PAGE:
equation. Examples that rely on a single constructor, such as @{const literate}
blanchet@53750
  2378
and @{const siterate}, are identical in both styles.
blanchet@53750
  2379
blanchet@53750
  2380
Here is an example where there is a difference:
blanchet@62081
  2381
\<close>
blanchet@62081
  2382
blanchet@62081
  2383
    primcorec lapp :: "'a llist \<Rightarrow> 'a llist \<Rightarrow> 'a llist" where
blanchet@62081
  2384
      "lnull xs \<Longrightarrow> lnull ys \<Longrightarrow> lapp xs ys = LNil"
blanchet@62081
  2385
    | "_ \<Longrightarrow> lapp xs ys = LCons (lhd (if lnull xs then ys else xs))
blanchet@62081
  2386
         (if xs = LNil then ltl ys else lapp (ltl xs) ys)"
blanchet@62081
  2387
blanchet@62081
  2388
text \<open>
blanchet@53749
  2389
\noindent
blanchet@53752
  2390
With the constructor view, we must distinguish between the @{const LNil} and
blanchet@53752
  2391
the @{const LCons} case. The condition for @{const LCons} is
blanchet@53752
  2392
left implicit, as the negation of that for @{const LNil}.
blanchet@53750
  2393
blanchet@59861
  2394
For this example, the constructor view is slightly more involved than the
blanchet@53750
  2395
code equation. Recall the code view version presented in
blanchet@53749
  2396
Section~\ref{sssec:primcorec-simple-corecursion}.
blanchet@62081
  2397
% TODO: \[{thm code_view.lapp.code}\]
blanchet@53749
  2398
The constructor view requires us to analyze the second argument (@{term ys}).
blanchet@53752
  2399
The code equation generated from the constructor view also suffers from this.
blanchet@62081
  2400
% TODO: \[{thm lapp.code}\]
blanchet@53750
  2401
blanchet@53752
  2402
In contrast, the next example is arguably more naturally expressed in the
blanchet@53752
  2403
constructor view:
blanchet@62081
  2404
\<close>
blanchet@53749
  2405
panny@53831
  2406
    primcorec
blanchet@53752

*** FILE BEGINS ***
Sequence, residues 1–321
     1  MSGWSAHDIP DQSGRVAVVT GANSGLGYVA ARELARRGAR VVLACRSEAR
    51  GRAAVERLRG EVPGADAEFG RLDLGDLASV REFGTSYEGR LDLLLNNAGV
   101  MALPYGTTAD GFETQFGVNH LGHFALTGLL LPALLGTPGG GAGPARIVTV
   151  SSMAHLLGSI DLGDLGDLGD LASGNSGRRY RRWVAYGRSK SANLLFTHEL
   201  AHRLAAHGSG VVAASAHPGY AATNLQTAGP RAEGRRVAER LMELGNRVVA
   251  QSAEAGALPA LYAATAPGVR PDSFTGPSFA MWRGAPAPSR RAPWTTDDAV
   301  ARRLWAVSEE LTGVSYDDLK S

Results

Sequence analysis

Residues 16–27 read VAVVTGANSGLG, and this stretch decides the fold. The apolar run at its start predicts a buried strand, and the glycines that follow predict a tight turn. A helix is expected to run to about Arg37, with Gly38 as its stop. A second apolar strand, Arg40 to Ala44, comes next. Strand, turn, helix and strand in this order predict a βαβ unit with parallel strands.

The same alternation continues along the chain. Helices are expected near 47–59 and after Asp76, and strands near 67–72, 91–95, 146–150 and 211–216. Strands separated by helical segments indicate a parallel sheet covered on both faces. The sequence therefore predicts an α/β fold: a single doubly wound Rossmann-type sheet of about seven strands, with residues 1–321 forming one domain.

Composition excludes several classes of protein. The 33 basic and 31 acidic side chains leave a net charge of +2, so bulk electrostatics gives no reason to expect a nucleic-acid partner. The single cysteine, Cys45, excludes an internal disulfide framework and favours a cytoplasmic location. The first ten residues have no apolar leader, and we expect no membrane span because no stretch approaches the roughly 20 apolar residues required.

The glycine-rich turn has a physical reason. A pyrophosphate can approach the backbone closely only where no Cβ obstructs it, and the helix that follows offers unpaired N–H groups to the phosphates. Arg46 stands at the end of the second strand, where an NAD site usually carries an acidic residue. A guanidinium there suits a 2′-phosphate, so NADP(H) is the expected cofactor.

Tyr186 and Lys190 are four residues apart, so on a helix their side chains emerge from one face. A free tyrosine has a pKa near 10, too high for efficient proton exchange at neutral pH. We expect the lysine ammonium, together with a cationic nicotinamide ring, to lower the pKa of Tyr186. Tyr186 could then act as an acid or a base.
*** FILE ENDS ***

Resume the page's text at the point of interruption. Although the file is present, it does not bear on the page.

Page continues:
2407
      random_process :: "'a stream \<Rightarrow> (int \<Rightarrow> int) \<Rightarrow> int \<Rightarrow> 'a process"
blanchet@53752
  2408
    where
blanchet@62081
  2409
      "n mod 4 = 0 \<Longrightarrow> random_process s f n = Fail"
blanchet@62081
  2410
    | "n mod 4 = 1 \<Longrightarrow>
blanchet@62081
  2411
         random_process s f n = Skip (random_process s f (f n))"
blanchet@62081
  2412
    | "n mod 4 = 2 \<Longrightarrow>
blanchet@62081
  2413
         random_process s f n = Action (shd s) (random_process (stl s) f (f n))"
blanchet@62081
  2414
    | "n mod 4 = 3 \<Longrightarrow>
blanchet@53752
  2415
         random_process s f n = Choice (random_process (every_snd s) f (f n))
blanchet@53826
  2416
           (random_process (every_snd (stl s)) f (f n))"
blanchet@53826
  2417
(*<*)
blanchet@53644
  2418
    end
blanchet@53644
  2419
(*>*)
blanchet@52805
  2420
blanchet@62081
  2421
text \<open>
blanchet@53752
  2422
\noindent
blanchet@53750
  2423
Since there is no sequentiality, we can apply the equation for @{const Choice}
wenzelm@61076
  2424
without having first to discharge @{term "n mod (4::int) \<noteq> 0"},
wenzelm@61076
  2425
@{term "n mod (4::int) \<noteq> 1"}, and
wenzelm@61076
  2426
@{term "n mod (4::int) \<noteq> 2"}.
blanchet@59284
  2427
The price to pay for this elegance is that we must discharge exclusiveness proof
blanchet@53750
  2428
obligations, one for each pair of conditions
wenzelm@61076
  2429
@{term "(n mod (4::int) = i, n mod (4::int) = j)"}
blanchet@53752
  2430
with @{term "i < j"}. If we prefer not to discharge any obligations, we can
blanchet@53752
  2431
enable the @{text "sequential"} option. This pushes the problem to the users of
blanchet@53752
  2432
the generated properties.
blanchet@53750
  2433
%Here are more examples to conclude:
blanchet@62081
  2434
\<close>
blanchet@62081
  2435
blanchet@62081
  2436
blanchet@62731
  2437
subsubsection \<open>Destructor View
blanchet@62731
  2438
  \label{ssec:primrec-destructor-view}\<close>
blanchet@53752
  2439
blanchet@53752
  2440
(*<*)
blanchet@54182
  2441
    locale dtr_view
blanchet@53752
  2442
    begin
blanchet@53752
  2443
(*>*)
blanchet@53749
  2444
blanchet@62081
  2445
text \<open>
blanchet@53749
  2446
The destructor view is in many respects dual to the constructor view. Conditions
blanchet@53749
  2447
determine which constructor to choose, and these conditions are interpreted
blanchet@53749
  2448
sequentially or not depending on the @{text "sequential"} option.
blanchet@53749
  2449
Consider the following examples:
blanchet@62081
  2450
\<close>
blanchet@53749
  2451
blanchet@53826
  2452
    primcorec literate :: "('a \<Rightarrow> 'a) \<Rightarrow> 'a \<Rightarrow> 'a llist" where
blanchet@62081
  2453
      "\<not> lnull (literate _ x)"
blanchet@62081
  2454
    | "lhd (literate _ x) = x"
blanchet@62081
  2455
    | "ltl (literate g x) = literate g (g x)"
blanchet@62081
  2456
blanchet@62731
  2457
text \<open>\blankline\<close>
blanchet@53752
  2458
blanchet@53826
  2459
    primcorec siterate :: "('a \<Rightarrow> 'a) \<Rightarrow> 'a \<Rightarrow> 'a stream" where
blanchet@62081
  2460
      "shd (siterate _ x) = x"
blanchet@62081
  2461
    | "stl (siterate g x) = siterate g (g x)"
blanchet@62081
  2462
blanchet@62731
  2463
text \<open>\blankline\<close>
blanchet@53752
  2464